Matt Gaetz warns Kevin McCarthy impeaching Biden might NOT save him

Matt Gaetz warns Kevin McCarthy impeaching Biden might NOT save him: Firebrand Republican vows to lead ‘resistance’ against Speaker – and ramps up his war over spending cuts

  • ‘I’ve fallen for this mirage before,’ Gaetz said of the newly announced impeachment inquiry
  • Gaetz told reporters on a press call that it would be ‘shot, chaser’ — if McCarthy tries to put up a CR, he would immediately launch an effort to remove him

GOP Rep. Matt Gaetz has a warning for Speaker Kevin McCarthy: launching an impeachment inquiry to appease the right wing won’t save you. 

‘I’ve fallen for this mirage before,’ Gaetz said of the newly announced impeachment inquiry. 

The Florida Republican recalled when McCarthy went to the southern border to ‘gaslight’ about attempts to impeach Homeland Security Sec. Alejandro Mayorkas

‘Obviously McCarthy wasn’t serious about Mayorkas impeachment,’ Gaetz said. 

‘The first thing that happens is that Kevin McCarthy gets worried that he’s going to lose power, like he did in January, and like he has in the recent weeks as I’ve been mounting pressure on him, and then the second thing he does indicate that there is some upcoming impeachment or impeachment inquiry, and the reality is to date that has just been the slow boat to China. It hasn’t been authentic or sincere or robust.’ 

Congress has returned from recess and  is now on crunch time to pass 12 separate spending bills before a September 30 deadline – what would take nothing short of a miracle given that both chambers must then come together and agree on all of the bills. 

'I've fallen for this mirage before,' Gaetz said of the newly announced impeachment inquiry

McCarthy announced a formal impeachment inquiry into President Biden on Tuesday

It’s looking increasingly likely, McCarthy admits, that Congress may have to punt the deadline down the road and pass a continuing resolution to hold spending at fiscal year 2023 levels for a period of time while they hash out the details of the spending bills for fiscal year 2024.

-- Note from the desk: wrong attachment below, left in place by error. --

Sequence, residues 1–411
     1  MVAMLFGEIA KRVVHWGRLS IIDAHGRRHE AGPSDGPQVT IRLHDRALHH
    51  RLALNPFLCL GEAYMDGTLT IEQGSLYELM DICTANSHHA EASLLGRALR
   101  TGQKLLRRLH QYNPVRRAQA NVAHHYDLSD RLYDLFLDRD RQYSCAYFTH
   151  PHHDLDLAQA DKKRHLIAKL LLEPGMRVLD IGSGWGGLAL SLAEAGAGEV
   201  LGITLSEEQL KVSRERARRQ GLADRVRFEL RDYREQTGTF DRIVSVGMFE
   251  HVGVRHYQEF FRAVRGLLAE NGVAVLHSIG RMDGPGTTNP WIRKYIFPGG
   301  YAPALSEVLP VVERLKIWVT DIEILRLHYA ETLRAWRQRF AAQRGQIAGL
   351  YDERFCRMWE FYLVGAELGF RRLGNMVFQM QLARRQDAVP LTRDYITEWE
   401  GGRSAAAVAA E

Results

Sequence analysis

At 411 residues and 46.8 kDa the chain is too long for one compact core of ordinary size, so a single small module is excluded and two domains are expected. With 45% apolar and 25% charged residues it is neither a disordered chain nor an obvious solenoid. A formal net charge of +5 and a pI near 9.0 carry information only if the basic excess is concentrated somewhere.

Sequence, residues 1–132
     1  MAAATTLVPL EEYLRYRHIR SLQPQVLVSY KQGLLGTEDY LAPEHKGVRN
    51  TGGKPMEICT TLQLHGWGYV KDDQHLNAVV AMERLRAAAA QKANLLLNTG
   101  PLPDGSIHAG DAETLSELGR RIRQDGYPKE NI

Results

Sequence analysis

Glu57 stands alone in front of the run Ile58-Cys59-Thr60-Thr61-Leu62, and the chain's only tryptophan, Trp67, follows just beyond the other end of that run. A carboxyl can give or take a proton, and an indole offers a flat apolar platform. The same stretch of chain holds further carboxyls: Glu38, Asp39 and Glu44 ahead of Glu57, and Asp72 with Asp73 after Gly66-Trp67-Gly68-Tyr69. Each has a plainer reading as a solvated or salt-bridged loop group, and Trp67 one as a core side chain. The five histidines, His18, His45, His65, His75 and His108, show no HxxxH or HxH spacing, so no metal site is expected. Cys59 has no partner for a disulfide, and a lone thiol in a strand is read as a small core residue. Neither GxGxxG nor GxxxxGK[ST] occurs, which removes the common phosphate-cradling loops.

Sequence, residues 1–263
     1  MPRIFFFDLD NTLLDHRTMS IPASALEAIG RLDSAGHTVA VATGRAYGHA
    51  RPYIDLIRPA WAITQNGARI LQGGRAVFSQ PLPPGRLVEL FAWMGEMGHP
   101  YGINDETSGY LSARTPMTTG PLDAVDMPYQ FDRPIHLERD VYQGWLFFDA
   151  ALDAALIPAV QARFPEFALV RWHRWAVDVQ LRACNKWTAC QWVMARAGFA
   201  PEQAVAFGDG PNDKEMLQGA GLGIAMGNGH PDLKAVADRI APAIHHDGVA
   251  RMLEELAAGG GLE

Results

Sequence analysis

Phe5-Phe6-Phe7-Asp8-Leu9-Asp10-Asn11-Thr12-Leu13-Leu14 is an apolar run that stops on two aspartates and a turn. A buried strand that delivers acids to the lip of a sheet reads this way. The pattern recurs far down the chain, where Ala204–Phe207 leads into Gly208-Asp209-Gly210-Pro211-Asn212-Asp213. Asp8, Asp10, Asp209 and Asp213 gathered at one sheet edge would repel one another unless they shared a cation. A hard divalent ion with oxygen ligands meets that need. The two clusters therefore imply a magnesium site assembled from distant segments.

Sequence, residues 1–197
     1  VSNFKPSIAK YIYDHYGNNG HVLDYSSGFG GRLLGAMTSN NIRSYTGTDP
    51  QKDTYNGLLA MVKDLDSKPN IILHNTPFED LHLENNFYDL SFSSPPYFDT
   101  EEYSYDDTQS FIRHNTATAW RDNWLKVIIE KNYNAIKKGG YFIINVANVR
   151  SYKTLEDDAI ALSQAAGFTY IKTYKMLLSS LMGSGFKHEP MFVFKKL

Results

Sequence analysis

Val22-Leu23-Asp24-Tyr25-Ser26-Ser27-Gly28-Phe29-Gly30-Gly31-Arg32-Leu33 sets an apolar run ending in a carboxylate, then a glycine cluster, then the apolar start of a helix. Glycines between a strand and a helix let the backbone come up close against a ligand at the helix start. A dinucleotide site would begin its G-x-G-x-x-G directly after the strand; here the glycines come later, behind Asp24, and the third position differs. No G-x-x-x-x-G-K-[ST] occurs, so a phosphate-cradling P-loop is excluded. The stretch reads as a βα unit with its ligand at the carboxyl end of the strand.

If the House and Senate never come to agreement on spending levels for 12 separate spending bills, they could pass an omnibus — a catch-all bill that sets funding levels for all departments at once. 

If Congress passes a continuing resolution that lasts until January, under the Biden-McCarthy debt deal an automatic one percent cut across the board would kick in.  

But conservatives in the GOP conference are balking at the idea of continuing spending at all at 2023 levels – set last year when Democrats controlled the House.  

Gaetz told reporters on a press call that it would be ‘shot, chaser’ — if McCarthy tries to put up a continuing resolution (CR), he would immediately launch an effort to remove him. 

‘Continuing resolution, motion to vacate,’ Gaetz said, referring to the process that allows any one member to call a vote to remove the speaker. 

Meanwhile the House Freedom Caucus (HFC) held a news conference on Tuesday to turn up the heat on leadership not to go down the CR route. 

‘We’re not interested in a continuing resolution,’ said HFC Chair Scott Perry. ‘We’re not going to vote for it.’

Perry called the impeachment inquiry ‘long overdue’ but said it would not protect McCarthy from possible efforts to boot him in the future.